Biomimicry UK on Medium

Syndicate content Stories by Richard James MacCowan on Medium
Stories by Richard James MacCowan on Medium
Updated: 11 hours 9 min ago

Our blog — biomimicry innovation lab — Food and Agriculture

Sun, 2019/10/20 - 14:53
Food , Agriculture and Biomimicry

“We have to change how we produce and consume food, not just for environmental reasons, but because this is an existential issue for humans.” — Janet Ranganathan

The race to the bottom is happening in the food industry, and our agriculture system is at breaking point. We are destroying the topsoil, the lifeblood of our crops and eating more red meat than was ever thought possible.

We are part of nature, but apart from it. This has led us to overconsume on the land. Can nature-inspired solutions solve this? No. Not on their own, they cannot.

We need to look at new forms of agriculture that can regenerate the soil. Think of how many insects and fungus coexist. They need each other and thrive for the benefit of the bigger system. We can also study these social insects for the creation of more transparent and resilient supply chains. We shouldn’t optimise the system but look at distributed networks for solutions in the future.

This approach can also be applied to where in the system we need to innovate? Is it the product? The making? Or even the business model itself?

Where does the technology allow us to create low-technology solutions? Remember we waste approximately 30% of the food that we produce.

These are not just questions to ponder, but points we are investigating for our Future Food System project.

This sums it up beautifully, ‘how meals are produced and delivered will be as key to solving climate change as the shift away from fossil fuels’, by The Ellen McArthur Foundation.

Originally published at https://www.bio-uk.org.

Biomimicry and the circular economy

Sat, 2019/10/19 - 02:41

“Biomimetics can support the path towards the circular economy by offering both conceptual and practical strategies, including ways of creating information-rich materials that transcend the current digital/physical boundaries and advanced sustainable technologies for manufacture.” — Veronika Kapsali

When we think of systems in the natural world, we read about how nature recycles all materials. Unfortunately, this is not true as we shouldn’t see enormous amounts of surplus on coal, oil, turf and even limestone, should we? Through geological mechanisms, over millions (even billions) of years, everything will be recycled, but not in our timeframe.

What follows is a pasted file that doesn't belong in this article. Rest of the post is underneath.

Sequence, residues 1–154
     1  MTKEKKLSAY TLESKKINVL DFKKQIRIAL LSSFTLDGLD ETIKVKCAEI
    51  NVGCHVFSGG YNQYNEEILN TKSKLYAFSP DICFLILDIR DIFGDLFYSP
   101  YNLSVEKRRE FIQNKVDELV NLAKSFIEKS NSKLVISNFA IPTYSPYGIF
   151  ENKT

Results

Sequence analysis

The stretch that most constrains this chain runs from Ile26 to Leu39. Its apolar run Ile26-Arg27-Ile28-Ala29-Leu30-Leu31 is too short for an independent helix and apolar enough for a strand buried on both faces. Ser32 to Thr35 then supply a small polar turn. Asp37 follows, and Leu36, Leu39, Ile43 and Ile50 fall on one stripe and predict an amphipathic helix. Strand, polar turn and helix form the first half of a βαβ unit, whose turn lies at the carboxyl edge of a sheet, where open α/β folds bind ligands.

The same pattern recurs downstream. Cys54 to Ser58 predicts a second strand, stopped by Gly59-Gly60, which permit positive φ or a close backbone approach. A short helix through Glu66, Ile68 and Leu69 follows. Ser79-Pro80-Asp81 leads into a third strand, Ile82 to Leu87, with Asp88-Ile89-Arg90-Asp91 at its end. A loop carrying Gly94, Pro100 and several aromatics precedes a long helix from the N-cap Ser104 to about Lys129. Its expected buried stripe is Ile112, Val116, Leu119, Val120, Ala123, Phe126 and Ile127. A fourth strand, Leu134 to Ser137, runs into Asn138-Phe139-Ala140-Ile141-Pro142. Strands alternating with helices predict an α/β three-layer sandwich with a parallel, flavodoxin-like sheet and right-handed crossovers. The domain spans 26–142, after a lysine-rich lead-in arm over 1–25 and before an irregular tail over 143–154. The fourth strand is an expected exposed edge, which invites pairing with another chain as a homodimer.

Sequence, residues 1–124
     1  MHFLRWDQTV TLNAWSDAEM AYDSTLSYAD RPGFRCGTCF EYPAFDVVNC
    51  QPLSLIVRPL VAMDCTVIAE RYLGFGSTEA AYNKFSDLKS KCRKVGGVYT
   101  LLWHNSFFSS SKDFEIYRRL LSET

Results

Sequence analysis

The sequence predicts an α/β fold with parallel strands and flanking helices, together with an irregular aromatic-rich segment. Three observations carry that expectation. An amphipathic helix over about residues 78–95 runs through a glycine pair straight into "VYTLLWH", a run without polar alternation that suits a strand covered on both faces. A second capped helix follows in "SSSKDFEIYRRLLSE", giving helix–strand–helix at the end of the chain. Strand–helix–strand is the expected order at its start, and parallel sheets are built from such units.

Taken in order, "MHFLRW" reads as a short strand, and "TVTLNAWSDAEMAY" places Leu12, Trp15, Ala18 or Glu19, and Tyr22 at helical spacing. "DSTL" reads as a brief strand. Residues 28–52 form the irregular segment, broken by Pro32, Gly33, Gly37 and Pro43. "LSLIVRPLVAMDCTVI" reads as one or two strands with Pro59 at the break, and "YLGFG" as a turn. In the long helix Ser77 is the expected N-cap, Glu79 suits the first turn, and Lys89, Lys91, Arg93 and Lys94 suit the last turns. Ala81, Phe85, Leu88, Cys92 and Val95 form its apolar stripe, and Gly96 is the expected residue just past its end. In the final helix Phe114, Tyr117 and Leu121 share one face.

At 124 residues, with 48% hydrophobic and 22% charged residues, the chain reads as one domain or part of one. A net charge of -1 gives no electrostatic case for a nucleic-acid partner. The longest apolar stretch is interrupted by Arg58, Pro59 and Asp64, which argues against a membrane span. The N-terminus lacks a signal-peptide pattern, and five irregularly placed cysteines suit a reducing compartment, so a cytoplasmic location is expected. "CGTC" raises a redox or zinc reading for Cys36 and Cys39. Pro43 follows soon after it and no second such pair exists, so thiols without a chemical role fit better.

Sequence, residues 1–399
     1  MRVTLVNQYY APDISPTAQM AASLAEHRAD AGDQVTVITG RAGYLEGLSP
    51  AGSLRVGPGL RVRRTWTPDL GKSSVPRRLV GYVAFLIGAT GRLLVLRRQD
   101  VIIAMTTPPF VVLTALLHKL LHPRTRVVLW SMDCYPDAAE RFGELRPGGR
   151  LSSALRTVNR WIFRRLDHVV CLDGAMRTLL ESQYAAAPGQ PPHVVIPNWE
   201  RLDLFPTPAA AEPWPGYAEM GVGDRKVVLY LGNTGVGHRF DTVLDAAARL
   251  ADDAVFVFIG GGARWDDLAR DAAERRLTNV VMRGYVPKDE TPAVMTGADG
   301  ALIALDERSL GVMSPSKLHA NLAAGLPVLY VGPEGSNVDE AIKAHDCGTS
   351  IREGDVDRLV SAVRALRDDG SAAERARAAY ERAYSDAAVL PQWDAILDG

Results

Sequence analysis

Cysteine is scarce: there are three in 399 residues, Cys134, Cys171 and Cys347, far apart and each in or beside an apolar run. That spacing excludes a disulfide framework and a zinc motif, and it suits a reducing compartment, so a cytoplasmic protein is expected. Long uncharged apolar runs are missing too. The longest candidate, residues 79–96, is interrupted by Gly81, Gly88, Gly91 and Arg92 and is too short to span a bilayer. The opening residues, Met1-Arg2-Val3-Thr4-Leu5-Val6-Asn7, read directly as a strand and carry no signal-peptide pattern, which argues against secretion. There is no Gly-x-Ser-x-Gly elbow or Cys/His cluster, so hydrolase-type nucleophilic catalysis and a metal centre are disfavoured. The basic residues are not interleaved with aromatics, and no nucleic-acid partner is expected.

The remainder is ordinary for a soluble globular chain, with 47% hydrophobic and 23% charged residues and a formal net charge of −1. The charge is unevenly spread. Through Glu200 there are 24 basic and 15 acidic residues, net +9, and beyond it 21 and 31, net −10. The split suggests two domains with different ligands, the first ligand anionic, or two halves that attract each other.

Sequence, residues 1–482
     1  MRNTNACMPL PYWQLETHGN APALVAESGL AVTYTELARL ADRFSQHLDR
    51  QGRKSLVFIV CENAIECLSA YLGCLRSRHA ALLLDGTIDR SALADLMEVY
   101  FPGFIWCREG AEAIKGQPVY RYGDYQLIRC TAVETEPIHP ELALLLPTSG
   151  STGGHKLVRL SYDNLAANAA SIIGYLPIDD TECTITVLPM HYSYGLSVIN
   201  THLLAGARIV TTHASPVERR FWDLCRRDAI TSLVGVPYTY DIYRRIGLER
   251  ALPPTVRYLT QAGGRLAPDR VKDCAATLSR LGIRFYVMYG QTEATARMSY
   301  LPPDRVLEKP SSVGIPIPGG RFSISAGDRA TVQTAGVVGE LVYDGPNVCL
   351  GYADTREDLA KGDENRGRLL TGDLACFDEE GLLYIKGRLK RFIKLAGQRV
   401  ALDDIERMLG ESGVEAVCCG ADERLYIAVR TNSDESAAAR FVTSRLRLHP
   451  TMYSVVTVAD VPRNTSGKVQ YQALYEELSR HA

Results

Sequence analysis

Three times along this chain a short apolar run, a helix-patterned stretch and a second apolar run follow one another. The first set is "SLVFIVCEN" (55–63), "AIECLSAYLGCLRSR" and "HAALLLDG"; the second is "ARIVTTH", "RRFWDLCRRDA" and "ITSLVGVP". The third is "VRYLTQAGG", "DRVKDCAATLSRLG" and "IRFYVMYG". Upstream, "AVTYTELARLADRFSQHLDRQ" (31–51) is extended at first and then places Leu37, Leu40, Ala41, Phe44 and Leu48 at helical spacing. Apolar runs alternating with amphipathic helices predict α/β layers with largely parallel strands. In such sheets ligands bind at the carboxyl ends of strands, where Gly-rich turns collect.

Like biological and ecological systems, the circular economy is not perfect. This industrial ecological system will never achieve absolute zero, but that is missing the point. That said, the move to reduce, reuse, recycle and recover can allow us to tap into the multi-functional systems found in the natural world.

Biological systems and their properties are tradeoffs from competing functions, so no single parameter is “optimal”. But understanding how these competing desires get resolved in a particular environment can provide a way forward. Besides, evolution does not “optimise” even if there is only one goal; evolution finds solutions that are better than existing ones, not “the best”.

Circular economy and biomimicry are better than the existing ones. Let’s look to nature to find new ways to minimise the use of material and energy. Let’s find methods to keep information and resources in the system as long as possible, and finally, if we have to recover them downstream, we ensure that the materials have right chemistry that it can be broken down into non-toxic elements.

If you would like to discuss any of the points raised or are working on ideas for biomimicry and the circular economy, please contact us now.